Always Under Pressure Inc Mike Taylor Pompano Beach Fla USA

Scott Stone

New Member
First off, welcome to the board. I assume that you have been lurking here for a while, and maybe on other boards as well. You asked a bunch of questions and I will try to give you my perspective.
1. There is a school that is based in North Carolina, I think. There is also a program in Fort Worth, Texas and a new one from an experienced distributor in Georgia, and a Kitchen Exhaust cleaning School in Wisconsin. They are all about the same price, it just depends on what you want to learn about. Theyare either done by contractors or Distributors tht have been in the business a while and are willing to share what they know for a price. There are also a few contractors in specialized fields that are willing to help a new guy starting out either by Phone or letting them actually work with a crew to learn a few of the ropes. remember to get started is not rocket science. The rocket science starts coming in when you tackle progressively more challenging jobs. Fortunately there are BBS's that are in place around the web with people that are willing to help out with technical questions. I am basically self taught and have been in business for about ten years. I took the slow and steady growth approach and I know others that have favored the fast growth approach. It all depends on what you and any "significant others" in your family can handle in the way of risk, etc.
2. As far as books there are a few that are out there. Look at the website at www.adpub.com They have a few books that are for sale that might be helpful. they also have a trade magazine that they put out that sometimes has useful helps for the contract cleaner.
3. It all depends on what you are going to do. For cleaning houses and the like most guys start out with a cold water unit. A decent cold water unit is available from Home Depot for about $1900. You can get a decent hot water unit Via the web and mail order for about $3600 plus shipping. There are various types out ther and they have different electrical systems, so you will want to research it out and pick out the one that sounds like something that you can work on. You cold also buy one locally, the advantage is that you will establish a relationship with a distributor, the disadvantage is that you will have to pay more. There are a lot that will promise you the moon and deliver nothing, so you will have to beware, just as if you were buying a used car. There are a few good ones out there. If it was me I would want to find one that used to be a contract cleaner but is not any more, and really seems to like the industry. If they seem lost when you ask them a technical question it is a bad sign.
4. Many more questions. The first thing I would do if i was you is figure out what you want to do. Pressure washing is a big field and the most successful contractors seem to concentrate in one field or type of work. The only exception is if they are in a small market. There is one contractor that frequents these boards that does a little of everything, but, he is the exception rather than the rule, and he is in a small market in Illinois. He has got really nice and really unusual rigs though.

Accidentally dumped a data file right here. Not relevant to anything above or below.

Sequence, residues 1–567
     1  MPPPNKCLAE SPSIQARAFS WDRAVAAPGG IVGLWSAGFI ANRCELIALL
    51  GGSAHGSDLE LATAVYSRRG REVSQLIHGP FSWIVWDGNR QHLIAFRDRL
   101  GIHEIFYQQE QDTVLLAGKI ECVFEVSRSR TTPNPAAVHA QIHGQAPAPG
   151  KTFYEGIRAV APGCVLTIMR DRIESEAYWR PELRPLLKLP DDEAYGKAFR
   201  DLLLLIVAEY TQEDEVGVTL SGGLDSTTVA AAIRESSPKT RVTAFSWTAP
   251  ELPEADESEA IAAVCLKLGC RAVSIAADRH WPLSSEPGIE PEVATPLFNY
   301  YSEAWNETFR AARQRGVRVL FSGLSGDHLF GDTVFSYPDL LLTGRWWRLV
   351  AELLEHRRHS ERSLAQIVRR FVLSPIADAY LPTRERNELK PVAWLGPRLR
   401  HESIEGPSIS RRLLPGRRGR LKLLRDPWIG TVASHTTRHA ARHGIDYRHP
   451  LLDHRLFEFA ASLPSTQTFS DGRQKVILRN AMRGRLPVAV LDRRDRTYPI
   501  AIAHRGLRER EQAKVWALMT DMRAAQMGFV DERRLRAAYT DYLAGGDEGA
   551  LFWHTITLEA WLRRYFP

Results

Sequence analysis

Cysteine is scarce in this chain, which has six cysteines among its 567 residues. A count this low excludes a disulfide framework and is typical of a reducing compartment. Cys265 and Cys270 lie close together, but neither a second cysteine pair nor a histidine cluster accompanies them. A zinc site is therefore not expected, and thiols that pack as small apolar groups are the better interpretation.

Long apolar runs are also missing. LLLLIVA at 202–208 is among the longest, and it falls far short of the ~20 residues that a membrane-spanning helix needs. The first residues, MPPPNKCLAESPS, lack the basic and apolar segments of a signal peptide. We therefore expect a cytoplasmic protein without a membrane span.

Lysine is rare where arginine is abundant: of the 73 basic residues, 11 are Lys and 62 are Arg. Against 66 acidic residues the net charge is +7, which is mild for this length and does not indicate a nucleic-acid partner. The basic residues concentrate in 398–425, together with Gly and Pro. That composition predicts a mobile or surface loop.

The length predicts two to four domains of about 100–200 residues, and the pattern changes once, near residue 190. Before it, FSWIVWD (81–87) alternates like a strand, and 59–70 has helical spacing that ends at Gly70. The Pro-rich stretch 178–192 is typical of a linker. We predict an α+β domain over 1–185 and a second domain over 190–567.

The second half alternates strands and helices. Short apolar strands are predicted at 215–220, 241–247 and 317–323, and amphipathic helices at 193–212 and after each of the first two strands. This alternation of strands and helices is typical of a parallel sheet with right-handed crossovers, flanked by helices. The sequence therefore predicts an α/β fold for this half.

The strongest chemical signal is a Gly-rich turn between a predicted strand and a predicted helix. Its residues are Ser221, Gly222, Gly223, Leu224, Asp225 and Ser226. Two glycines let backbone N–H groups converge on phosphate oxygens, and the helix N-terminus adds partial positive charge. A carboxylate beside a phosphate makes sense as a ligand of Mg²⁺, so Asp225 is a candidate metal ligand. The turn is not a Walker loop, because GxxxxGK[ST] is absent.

Here are some possibilities to think about.
House washing
Fleet washing
Roof cleaning
Store fronts
Restaurant vent hoods
Concrete cleaning
Awning cleaning
Factory Cleaning
Car lot washing
Auto Detailing
Deck cleaning and sealing
Paint prep
New construction clean up
Equipment cleaning
Airport runway cleaning.(requires special equipment, but is very profitable.)
Dry Dock Cleaning
Aircraft washing
Chicken coop cleaning ( very smelly work)

Plus a myriad of others. Beware of the guys that are offering franchises. Some of them are just con men that will promise you the moon and expect you to make them rich. A few have even been sued by the FTC for making false claims.
I would be happy to answer any questions you might have. My phone number is in my signature at the bottom of the post. My e-mail is The-washer@msn.com
We can grow together or die seperately.

Any statement that I make about equipment, processes or your hair color is my own personal opinion. I usually base it on personal experience. If you disagree with me you are free to reply on both the BBS and by e-mail. If I am totally off base please explain why on the BBS so that we may all know why;)
Bus. Phone 480-834-3434
Cell Phone 602-509-9741

Ron Musgraves

Staff member
great advice, I should tune in here more frequently.

Ron Marshal Phoenix AZ

Mike Hughes

New Member
Originally posted by Scott Stone:
We can grow together or die seperately.

That's a great line, Scott!


You initial questions have been answered in the above posts...but, feel free to email me any questions you may have....I will be happy to help you.


Mike Hughes
Souderton, PA


New Member